MENU
Your location:

Tax Policy for Growth

    Whilst scouring through some academic literature this morning, I came across an interesting paper in The Economic Journal on "Tax Policy For Economic Recovery And Growth".

    Reviewing historical OECD data, it comes to some important conclusions about the best tax reform policies (with any changes revenue neutral) to enhance short and long-term GDP growth. It finds:

    - Growth can be increased by moving the tax base away from income and corporate taxes and towards less distortionary consumption and immovable property taxes

    - Reductions in the top personal income tax rate encourage entreneurship and investment, but the benefits will only be felt in the longer term

    - Reductions in income taxes for those on low incomes are the most effective way to induce short-term demand, increase work incentives and reduce income inequality

    Its conclusions give a mixed message on the coalition's approach to tax reform thus far. It suggests that the coalition is right to immediately prioritise the erosion of income tax liabilities for the poorest workers whilst increasing the broad base VAT consumption tax, and that making corporation tax rates more competitive in the long-term will have significant investment incentives.

    But at the same time, it suggests that the punitive 50p tax rate will have negative long-term growth effects through restricting productivity brought about by entrepreneurial activity. If the government feels that it must be seen to be being 'progressive' in its tax policy, then there would be less of a damaging effect on growth if it focused more on immovable property taxes (a tax on wealth) rather than income tax (a tax on earnings).

    In the past, taxes on property have been controversial - and it does not appear that the coalition will significantly adjust the balance towards them. But is it really worth undermining long-term growth by ignoring this sort of evidence?

    Ryan joined the Centre for Policy Studies in January 2011, having previously worked for a year at the economic consultancy firm Frontier Economics.

    Centre for Policy Studies will not publish your email address or share it with anyone.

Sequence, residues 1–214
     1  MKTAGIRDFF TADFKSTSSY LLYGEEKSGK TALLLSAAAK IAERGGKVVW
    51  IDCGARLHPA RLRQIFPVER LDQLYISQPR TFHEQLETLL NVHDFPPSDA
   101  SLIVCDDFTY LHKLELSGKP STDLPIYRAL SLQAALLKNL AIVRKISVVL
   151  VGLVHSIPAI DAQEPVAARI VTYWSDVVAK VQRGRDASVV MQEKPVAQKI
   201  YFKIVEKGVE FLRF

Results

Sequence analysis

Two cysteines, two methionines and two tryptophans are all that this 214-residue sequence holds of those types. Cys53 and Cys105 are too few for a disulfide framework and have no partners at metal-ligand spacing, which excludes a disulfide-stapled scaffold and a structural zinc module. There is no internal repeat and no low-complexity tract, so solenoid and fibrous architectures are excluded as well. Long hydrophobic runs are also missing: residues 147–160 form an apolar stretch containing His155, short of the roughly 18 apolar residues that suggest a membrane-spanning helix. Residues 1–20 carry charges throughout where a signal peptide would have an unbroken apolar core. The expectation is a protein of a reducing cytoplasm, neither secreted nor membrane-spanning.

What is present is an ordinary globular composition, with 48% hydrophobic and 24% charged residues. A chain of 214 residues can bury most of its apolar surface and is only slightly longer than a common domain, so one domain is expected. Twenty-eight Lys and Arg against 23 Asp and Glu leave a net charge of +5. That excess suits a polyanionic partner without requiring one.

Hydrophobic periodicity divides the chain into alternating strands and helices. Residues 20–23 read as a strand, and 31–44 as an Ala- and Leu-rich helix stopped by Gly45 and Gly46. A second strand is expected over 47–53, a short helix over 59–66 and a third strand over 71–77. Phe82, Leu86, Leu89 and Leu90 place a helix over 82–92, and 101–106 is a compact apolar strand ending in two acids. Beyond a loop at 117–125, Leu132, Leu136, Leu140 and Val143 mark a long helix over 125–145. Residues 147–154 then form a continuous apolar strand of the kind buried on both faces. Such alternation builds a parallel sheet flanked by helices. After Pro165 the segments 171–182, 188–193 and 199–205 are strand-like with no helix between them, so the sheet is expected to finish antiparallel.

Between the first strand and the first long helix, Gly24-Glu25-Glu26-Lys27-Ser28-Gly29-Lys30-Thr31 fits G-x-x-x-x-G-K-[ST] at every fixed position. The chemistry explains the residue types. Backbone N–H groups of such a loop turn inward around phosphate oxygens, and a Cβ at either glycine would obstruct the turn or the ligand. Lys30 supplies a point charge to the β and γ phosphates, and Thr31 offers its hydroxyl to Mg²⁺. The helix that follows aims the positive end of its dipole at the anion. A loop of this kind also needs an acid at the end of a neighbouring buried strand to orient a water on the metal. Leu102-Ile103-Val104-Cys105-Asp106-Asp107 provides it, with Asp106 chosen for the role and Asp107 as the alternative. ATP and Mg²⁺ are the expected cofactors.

Please note, for security reasons we read all comments before publishing.


    Comments

    Anonymous - About 2869 days ago

    There is the possibility of simplifying the tax system and making it fairer at the same time.

    1] Income Tax
    NI is a tax in all but name. 13%
    There are three rates 20% 40% & 50%
    Pensioners currently do not pay NI.
    If the top two tiers were combined at 45% [average]
    If the bottom two tiers [+ NI] were combined at 24% [average]
    We would end up with two tax rates 24% & 45%
    For pensioners it would increase their level of tax fro 20% to 24%, but this could be phased in over 3 years.
    Tax relief on Pension contributions to be set at the lower rate [24%]
    Tax allowance to be set as required.

    2] Property Tax v Council Tax
    Currently Councils only collect 20% of what they spend from Council Tax.
    Using 8/9 bands this cost a lot to collect.
    If all Property was to have a property tax of 1% levied. [using Land Registry Valuations [Sales] and Council Tax abolished.

    It would solve the Property valuation problem, long overdue.
    The can't pay, won't pay problem would be resolved by by a charge made against the property by how many years in arrears at sale values, not historic value, to offset the loss to HMRC of tax not paid.
    Low income pensioners etc could be exempt of paying annual payments. [charge made as above, when property is sold] in lieu of death duties. Plus no need for Council Tax benefits to be paid.


    Comment on This

    Centre for Policy Studies will not publish your email address or share it with anyone.

    Please note, for security reasons we read all comments before publishing.